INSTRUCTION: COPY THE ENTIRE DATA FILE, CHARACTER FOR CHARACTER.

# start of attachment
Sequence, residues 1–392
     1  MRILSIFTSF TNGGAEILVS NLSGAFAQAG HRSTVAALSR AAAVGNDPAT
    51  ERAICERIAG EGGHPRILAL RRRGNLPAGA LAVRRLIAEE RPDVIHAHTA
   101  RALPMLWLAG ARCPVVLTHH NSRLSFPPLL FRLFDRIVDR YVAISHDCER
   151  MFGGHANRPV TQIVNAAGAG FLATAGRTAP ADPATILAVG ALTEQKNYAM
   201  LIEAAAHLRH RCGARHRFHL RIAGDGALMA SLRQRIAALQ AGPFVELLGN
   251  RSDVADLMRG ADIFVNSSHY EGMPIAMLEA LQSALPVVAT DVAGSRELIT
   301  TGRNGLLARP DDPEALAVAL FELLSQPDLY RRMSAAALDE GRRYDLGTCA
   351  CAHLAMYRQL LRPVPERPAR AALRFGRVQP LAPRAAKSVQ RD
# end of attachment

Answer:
Sequence, residues 1–392
     1  MRILSIFTSF TNGGAEILVS NLSGAFAQAG HRSTVAALSR AAAVGNDPAT
    51  ERAICERIAG EGGHPRILAL RRRGNLPAGA LAVRRLIAEE RPDVIHAHTA
   101  RALPMLWLAG ARCPVVLTHH NSRLSFPPLL FRLFDRIVDR YVAISHDCER
   151  MFGGHANRPV TQIVNAAGAG FLATAGRTAP ADPATILAVG ALTEQKNYAM
   201  LIEAAAHLRH RCGARHRFHL RIAGDGALMA SLRQRIAALQ AGPFVELLGN
   251  RSDVADLMRG ADIFVNSSHY EGMPIAMLEA LQSALPVVAT DVAGSRELIT
   301  TGRNGLLARP DDPEALAVAL FELLSQPDLY RRMSAAALDE GRRYDLGTCA
   351  CAHLAMYRQL LRPVPERPAR AALRFGRVQP LAPRAAKSVQ RD